Workshop Aim

This two-day session has two key aims:

  1. Reviewing key principles and practices of effective differentiation, and

  2. Providing guided workshops in which participants will have the opportunity to plan for their own classrooms lessons with instructional strategies that incorporate those principles.

The workshop will be differentiated so that participants can select workshops with approaches that will be most helpful to their academically diverse learners.  

Knowledge

In review sessions, we’ll review the five key principles of quality differentiation

  • Learning environment,

  • Powerful curriculum,

  • Formative assessment,

  • Responsive instruction, and

  • Classroom leadership and management.  

 

The goal will be exploring each element through classroom videos and lesson examples so that participants have clear targets for application workshops which follow the review sessions.  

Skills

Skills participants acquire will vary depending on workshop options they select.  However, each participant will learn to translate one or more aspects of differentiation into classroom action, for example:

  • Designing pre- or formative assessments that align with learning goals

  • Instructional planning based on formative assessment results,

  • Differentiating student work based on readiness, interest, and/or learning profile,

  • Creating work that challenges advanced learners,

  • Supporting growth of English learners.

 

Practice

In workshop sessions, participants can elect to work with:

  • Enhancing curriculum 

  • Developing formative assessments to accompany instructional units 

  • Developing differentiated instructional strategies such as tiered lesson

  • Tri-Mind

  • Sidebar studies

  • RAFTs

  • Learning contracts and/or

  • Other goals of their choosing

 

All workshop sessions will be guided and scaffolded by institute presenters (Dr. Marcia Imbeau and Sandra Page will assist Dr. Tomlinson).

Agenda

Day 1

Session 1 

  • Quick overview of a model for differentiation

  • Characteristics of powerful curriculum

  • Characteristics of quality formative assessment

Session 2

  • A few low prep instructional strategies

  • Teaching Up

  • Two higher prep strategies (Learning Contracts, Tiering)

Sessions 3 & 4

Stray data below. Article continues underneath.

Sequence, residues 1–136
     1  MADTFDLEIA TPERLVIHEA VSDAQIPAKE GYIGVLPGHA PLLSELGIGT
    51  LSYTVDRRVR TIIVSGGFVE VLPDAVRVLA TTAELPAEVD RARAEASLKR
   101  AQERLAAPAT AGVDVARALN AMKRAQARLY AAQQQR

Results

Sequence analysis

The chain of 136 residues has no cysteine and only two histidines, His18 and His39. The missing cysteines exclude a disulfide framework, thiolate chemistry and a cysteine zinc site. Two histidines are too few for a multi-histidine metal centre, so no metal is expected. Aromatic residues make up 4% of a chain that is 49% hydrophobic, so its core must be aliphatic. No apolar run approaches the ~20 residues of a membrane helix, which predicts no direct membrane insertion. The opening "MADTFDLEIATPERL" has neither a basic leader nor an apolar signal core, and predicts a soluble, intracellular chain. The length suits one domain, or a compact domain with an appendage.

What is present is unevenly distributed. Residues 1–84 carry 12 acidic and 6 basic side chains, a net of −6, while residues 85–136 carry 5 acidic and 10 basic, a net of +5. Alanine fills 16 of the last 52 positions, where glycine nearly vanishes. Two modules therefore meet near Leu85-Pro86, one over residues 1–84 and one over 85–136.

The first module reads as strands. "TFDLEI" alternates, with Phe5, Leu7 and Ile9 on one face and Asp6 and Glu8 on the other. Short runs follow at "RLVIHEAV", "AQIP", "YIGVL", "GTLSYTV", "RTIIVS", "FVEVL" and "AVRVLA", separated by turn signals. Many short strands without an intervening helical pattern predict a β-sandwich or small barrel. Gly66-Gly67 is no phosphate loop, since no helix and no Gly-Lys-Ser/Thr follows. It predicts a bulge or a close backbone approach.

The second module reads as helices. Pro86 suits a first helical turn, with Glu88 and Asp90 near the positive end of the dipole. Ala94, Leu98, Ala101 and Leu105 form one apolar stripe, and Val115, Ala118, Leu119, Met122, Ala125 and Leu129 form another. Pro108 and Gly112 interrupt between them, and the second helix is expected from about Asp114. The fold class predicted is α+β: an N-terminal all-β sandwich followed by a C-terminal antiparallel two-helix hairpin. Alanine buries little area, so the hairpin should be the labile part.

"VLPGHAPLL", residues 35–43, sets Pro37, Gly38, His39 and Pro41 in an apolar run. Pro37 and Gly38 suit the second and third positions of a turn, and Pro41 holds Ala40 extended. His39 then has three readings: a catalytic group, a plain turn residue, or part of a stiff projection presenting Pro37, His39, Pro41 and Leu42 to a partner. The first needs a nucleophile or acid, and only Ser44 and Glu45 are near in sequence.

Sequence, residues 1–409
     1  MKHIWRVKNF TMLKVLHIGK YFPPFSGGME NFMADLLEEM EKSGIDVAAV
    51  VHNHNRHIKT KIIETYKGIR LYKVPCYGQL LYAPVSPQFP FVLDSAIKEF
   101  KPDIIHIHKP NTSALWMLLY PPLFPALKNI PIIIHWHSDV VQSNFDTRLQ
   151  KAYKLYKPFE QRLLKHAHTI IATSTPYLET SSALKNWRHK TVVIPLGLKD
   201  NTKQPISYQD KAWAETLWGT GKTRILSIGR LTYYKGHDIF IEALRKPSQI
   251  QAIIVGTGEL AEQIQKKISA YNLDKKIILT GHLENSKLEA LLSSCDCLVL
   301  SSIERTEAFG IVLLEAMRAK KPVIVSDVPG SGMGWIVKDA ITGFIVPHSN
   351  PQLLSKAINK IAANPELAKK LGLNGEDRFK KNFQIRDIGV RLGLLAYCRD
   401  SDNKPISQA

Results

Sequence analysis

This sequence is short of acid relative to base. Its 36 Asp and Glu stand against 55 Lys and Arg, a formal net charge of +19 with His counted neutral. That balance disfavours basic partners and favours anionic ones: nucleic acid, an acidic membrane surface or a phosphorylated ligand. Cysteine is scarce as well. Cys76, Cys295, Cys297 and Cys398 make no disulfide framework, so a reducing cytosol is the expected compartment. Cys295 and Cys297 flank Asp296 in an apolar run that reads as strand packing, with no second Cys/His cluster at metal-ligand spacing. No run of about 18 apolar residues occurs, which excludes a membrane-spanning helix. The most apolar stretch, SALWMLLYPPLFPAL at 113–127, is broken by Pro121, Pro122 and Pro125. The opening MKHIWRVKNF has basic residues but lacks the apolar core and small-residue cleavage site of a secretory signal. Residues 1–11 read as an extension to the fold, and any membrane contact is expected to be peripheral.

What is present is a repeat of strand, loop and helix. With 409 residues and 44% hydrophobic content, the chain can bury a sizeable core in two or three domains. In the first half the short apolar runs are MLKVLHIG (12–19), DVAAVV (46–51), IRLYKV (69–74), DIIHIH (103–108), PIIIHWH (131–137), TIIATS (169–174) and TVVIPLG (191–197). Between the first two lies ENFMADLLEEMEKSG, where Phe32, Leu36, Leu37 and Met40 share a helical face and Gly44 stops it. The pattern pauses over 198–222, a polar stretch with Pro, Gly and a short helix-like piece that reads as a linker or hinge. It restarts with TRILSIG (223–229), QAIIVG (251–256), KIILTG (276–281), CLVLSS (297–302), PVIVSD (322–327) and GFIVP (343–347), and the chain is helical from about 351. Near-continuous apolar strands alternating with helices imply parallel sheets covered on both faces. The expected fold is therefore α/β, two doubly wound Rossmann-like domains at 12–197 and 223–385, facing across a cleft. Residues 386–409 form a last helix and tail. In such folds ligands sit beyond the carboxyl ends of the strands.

Practice -  Workshop sessions (see 'Practice' section above)

Day 2

Session 1  

  • Responding to student readiness, interest, and learning profile

  • A few more low prep strategies

  • Three more higher prep strategies (RAFTs, Sidebar Studies, Tri-Mind)

Session 2

  • Planning for both individual needs and whole class needs

  • Thinking about needs of populations of learners (English learners, advanced learners, students with significant learning challenges)

  • Respectful tasks 

Sessions 3 & 4

Practice -  Workshop sessions (see 'Practice' section above)

 

Target Audience

  • K-12 teachers

  • School leaders

  • Specialists (Language, Special Education, Gifted Education, Curriculum Coaches, etc.)

When/Where

9.00am  - 4.00pm

February 2 - 3, 2018

Horizon Village & Resort

Chiang Mai, Thailand

Venue & Accommodation

Course Fee

(Register by Nov 10, 2017)

Individual 

USD 700/Baht 24,500 per participant

Group of 3 or more

USD 658/Baht 23,000 per participant

 

 

 

 

Contact 

Sonthaya Chutisacha

Workshop Coordinator

sonthaya@ksipd.com

Institute on Quality Differentiation

Turning Ideas into Action 

By Dr. Carol Ann Tomlinson
Leading Expert  - Differentiation

Course Leader

Carol Ann Tomlinson's career as an educator includes 21 years as a public school teacher, 12 years as a program administrator of special services for struggling and advanced learners.  More recently, she has been a faculty member at the University of Virginia's Curry School of Education, where she is currently William Clay Parrish Jr. Professor and Chair of Educational Leadership, Foundations, and Policy. Also at UVa., she is Co-Director of the University's Institutes on Academic Diversity. She was named Outstanding Professor at Curry School of Education in 2004 and received an All University Teaching Award in 2008. Special interests throughout her career have included curriculum and instruction for struggling and advanced learners, effective instruction in heterogeneous settings, and encouraging creative and critical thinking in the classroom.

 

Carol is a reviewer for eight journals and is author of over 200 articles, book chapters, books, and other professional development materials. Carol's books on differentiation have been translated into 12 languages. She works throughout the U. S. and abroad with teachers whose goal is to develop more responsive heterogeneous classrooms.

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